There are some things you read and they wreck you. Forever. Sometime before we were matched with our first son, Titus, I read this story about a baby girl found abandoned at a park and the lengthy note left by her heart-wrenched parents. And it cut to the very core of my mama's heart. We had lived in China and knew in theory why children with special needs were abandoned. (See my post here for more information.) But for the first time, as I bawled through these heart-broken parents' letter, I caught a glimmer of the other side of abandonment. The thousands of tears, the cripplingly guilt, the agonizing pain. And, for the first time, a horrific question took root in my mind that to this day I cannot honestly answer: "If I were in this same situation, could I selflessly give up my precious child, knowing it was the only way to maybe save her life?"
I've thought about these grief-stricken parents so much these past two years, just as I think about our sons' birth parents. My mind cannot help but add flesh to these bare facts and my heart cannot help but to grieve for their profound loss. I've replayed their story a thousand times in my head, imagining the months, days, and moments leading up to them placing their precious daughter in a garden to be found.
Please understand, I am not trying in any way to embellish an orphan's story or create a romanticized account of what happened to this precious girl or any other children abandoned. We strive to only tell our sons the facts we know about their stories. Period. Also, I am in no what saying I know what happened or understand these or any other parents' heartache. I just think that if we can pull back the curtain and put ourselves in their story, our hearts will break with compassion and empathy.
Now, let me ask you one question as you read this fictional account based on a real note left: "How will you make sure that these and thousand of other heart-broken parents' sacrifice does not go in vain?" May your compassion turn into courage: to adopt. To support others who adopt. To give to organizations that help preserve family units. And above all, to pray, that families will be able to stay together, that children in orphanage will have forever families, and that hearts who have been broken by inexplicable loss will somehow be healed.
"It must be tonight," my husband softly whispered to me.
"Why tonight?" My eyes and heart pleaded.
"It's the warmest night of the week. We've talked about this. We've waited. The medicine is running low. It has to be tonight." I could see tears form in his eyes too.
I wanted to be angry with him. I wanted to yell at him, "No!" But I knew he was right. I knew he wanted to do what was best for our baby girl. Just like me.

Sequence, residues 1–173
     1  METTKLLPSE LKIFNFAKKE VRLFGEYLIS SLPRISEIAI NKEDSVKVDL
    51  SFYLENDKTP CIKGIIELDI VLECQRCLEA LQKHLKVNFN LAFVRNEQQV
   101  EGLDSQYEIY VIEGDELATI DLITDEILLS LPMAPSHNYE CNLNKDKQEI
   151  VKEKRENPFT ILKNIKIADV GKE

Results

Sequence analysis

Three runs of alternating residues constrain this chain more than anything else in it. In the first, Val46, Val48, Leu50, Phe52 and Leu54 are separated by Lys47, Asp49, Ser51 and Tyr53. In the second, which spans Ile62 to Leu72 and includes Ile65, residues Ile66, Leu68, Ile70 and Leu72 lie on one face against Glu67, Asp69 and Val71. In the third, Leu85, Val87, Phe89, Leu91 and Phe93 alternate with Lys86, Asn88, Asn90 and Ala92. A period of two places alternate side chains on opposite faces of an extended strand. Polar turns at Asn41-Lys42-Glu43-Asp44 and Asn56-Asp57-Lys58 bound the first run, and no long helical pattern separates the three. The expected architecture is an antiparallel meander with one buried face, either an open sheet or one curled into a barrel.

"Let's let her sleep a little longer. We can have dinner, give her a bottle, and then..." I couldn't finish the sentence. I couldn't even let my mind finish the sentence, think about what tonight would hold for us all.
My husband nodded his head and went to make us some fried rice in our meager kitchen. I looked around at our small flat, one that used to have beautiful furniture, used to have life flowing from it. And now, there's just a small mattress for us, two wobbly chairs, a few knick-knacks reminding us of those former days...and her.
Our precious girl. As I glanced around the room and rested my gaze on her, I couldn't help but spilling my tears yet again. I had heard about this happening to others, but I never imagined a year ago when I received the joyous news I was pregnant, I would be here. We would be here.
Here. At the place where we would have to illegally abandon our daughter in hopes of giving her the life we cannot give. Though we've begged, borrowed, and sold everything to try.
I couldn't help it, I had to pick her up from her tiny basket and hold her close, my tears spilling down her shiny black hair. I let my mind go back to those glorious days, those carefree days.
Days when we would playfully bicker about if she was a boy or a girl. The first time I felt her little flutter inside me. The time when my sweet husband pressed his hand against my growing belly and felt her little kicks. And the day she made us a family. I remember seeing her fuzzy hair, tiny button nose, and round eyes staring at me the first time. She gripped my finger as those she would never let go. And I never wanted to let her go. Ever. She was perfect. Our little "Mei Ling," our little "beautiful soul."
Until that first time I saw her shaking. I didn't understand. She seemed so healthy, growing big and strong. But then she had another shaking episode a few days later and we took her to the hospital. The doctors said she had "epilepsy" and needed medicine so she would stop shaking. Expensive medicine.
We used all our savings to buy this medicine, but the shaking episodes continued. We begged our family to loan us some money to take her to a specialist in another city. He gave us some new medicine, but said it might not work. Still, we tried another doctor with a new medicine and had to sell off our furniture and everything valuable to pay for it. Even if this new medicine worked for her, there was no way we could pay for it month after month. Year after year.
I'll never forget the moment when my strong husband looked at me with tears in his eyes, the first time he'd shown emotion through this ordeal, and said, "You know, there's only one way to save her life."